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That Time in NASCAR History

One of NASCAR’s Greatest Races: The 2001 Pepsi 400

For many NASCAR fans, 2001 is a very sore year. It started wrong with the tragic death of Dale Earnhardt. For many, they thought this event would be the downfall of NASCAR. After the Daytona 500, the sport mourned. Much like Aryton Senna and Roland Ratzenberger in F1, how could a sport move on from such a tragedy, or could it? However, they still had the season to get through, so the sport must go on. The first sign NASCAR could move on was the next race at Rockingham. Steve Park would win over Bobby Labonte in a fiery battle, the first win for the young driver. Atlanta would be the second sign as Kevin Harvick, the man that took over for the Intimidator, would win over Jeff Gordon in a mirror of Dale’s victory over Labonte the previous year; this win was Harvick’s first in the Cup series.

In the back of everyone’s mind was Dale Jr. Would he win this year? Would he be able to carry the torch for the organization that his father had built? These questions permeated for five months, just before NASCAR’s return to Daytona for the 4th of July race, the Pepsi 400; the first time NASCAR has been to Daytona since Dale’s death. A dark cloud hung over the track: drivers, teams, and fans unsure of what this race would hold. We focus on the two Dale Earnhardt Incorporated (DEI) drivers of, Dale Earnhardt Jr and Michael Waltrip. Up until Daytona, DEI has struggled badly. They would have good races, but the team was rudderless. Qualifying for the 400 was more or less the same. All three DEI teams would struggle to qualify, with none of them in the top ten. Jr was thirteenth, Waltrip was twenty-second, and Park was twenty-sixth. However, the race couldn’t have been any different from qualifying. Unfortunately, Park’s race wasn’t the greatest, but the cars of Earnhardt Jr and Waltrip would come alive.

Dale’s car was unstoppable. The car was running on all cylinders and had led 112 laps when the last caution flew, roughly 73% of the race, utter domination. Just before the race would go back green, Jr sat sixth, and Michael sat fourteenth. They had a great race, which was a good show for DEI. Both drivers had top three, and top ten cars and could walk away with their heads held high. However, Jr and Waltrip would not settle for that. After the restart, Jr would slice his way through the leading cars, with Waltrip doing the same. Out of turn four, with 4 to go when they come to the line, Jr takes the lead away from Johnny Benson. With two laps to go, out of turn two, Waltrip will barrel his way past Bobby Labonte to take the second spot and tucks right behind Jr. In a mirror of the 500, Jr and Waltrip would run first and second.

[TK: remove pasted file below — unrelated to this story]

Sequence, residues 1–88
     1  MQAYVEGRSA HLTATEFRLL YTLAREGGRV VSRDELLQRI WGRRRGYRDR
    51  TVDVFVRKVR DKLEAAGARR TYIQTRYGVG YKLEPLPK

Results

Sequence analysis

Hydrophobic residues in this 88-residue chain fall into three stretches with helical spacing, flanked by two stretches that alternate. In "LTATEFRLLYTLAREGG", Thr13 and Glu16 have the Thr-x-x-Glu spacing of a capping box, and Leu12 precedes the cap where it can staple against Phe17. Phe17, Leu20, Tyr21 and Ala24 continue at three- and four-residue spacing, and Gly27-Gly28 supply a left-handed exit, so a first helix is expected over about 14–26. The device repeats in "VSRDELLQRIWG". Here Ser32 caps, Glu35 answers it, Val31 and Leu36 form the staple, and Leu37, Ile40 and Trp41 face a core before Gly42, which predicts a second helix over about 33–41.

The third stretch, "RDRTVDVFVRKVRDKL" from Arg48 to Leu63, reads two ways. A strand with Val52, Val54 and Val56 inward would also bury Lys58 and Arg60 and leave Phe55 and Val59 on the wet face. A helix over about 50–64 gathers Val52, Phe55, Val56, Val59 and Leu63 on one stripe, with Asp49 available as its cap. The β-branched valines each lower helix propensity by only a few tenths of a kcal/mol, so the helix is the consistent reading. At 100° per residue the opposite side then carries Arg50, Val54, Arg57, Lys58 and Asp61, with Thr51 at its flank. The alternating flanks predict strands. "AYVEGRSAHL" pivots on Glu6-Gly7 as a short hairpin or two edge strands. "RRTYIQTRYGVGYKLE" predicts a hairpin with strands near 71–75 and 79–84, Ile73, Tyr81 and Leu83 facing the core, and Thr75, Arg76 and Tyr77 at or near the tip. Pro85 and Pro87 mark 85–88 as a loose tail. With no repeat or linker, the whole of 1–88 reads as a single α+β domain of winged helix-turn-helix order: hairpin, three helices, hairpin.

The call by NBC’s commentators Allen Bestwick, Benny Parsons, and Wally Dallenbach, Jr would be frantic and iconic as the cars clicked down the laps. The fans do not believe what they are seeing: Jr, who lost his father at the same track just five months ago, and Waltrip, who won that race and lost his friend and boss, is now running one and two once more. Allen Bestwick gives the call, “Here they come to turn four, the final lap of the Pepsi 400, Michael Waltrip in second, but it’s going to be Dale Earnhardt Jr, using lessons learned from his father to go from sixth to first and score the victory in the Pepsi 400”! Daytona International Speedway lit up with screams, tears, and joy as the two DEI cars ran their cool-down lap. The celebrations were made all the sweeter as on the front stretch, Jr., and Waltrip would park next to one another and celebrate with their teams. This is where that famous image of Dale and Michael hugging each other on top of their cars.

There is a reason why many NASCAR fans hold this race in high regard. For many, this race proved that NASCAR could carry on from the tragedy of Dale Sr.’s death. This race was the last healing moment for NASCAR: Park proved DEI could win in Dale’s absence at Rockingham, Kevin Harvick proved that Dale’s team could win, despite their loss, at Atlanta, and Dale Jr. confirmed that he could win and that he and the team were here to stay, at the same track that took his father.

Dustin Lewis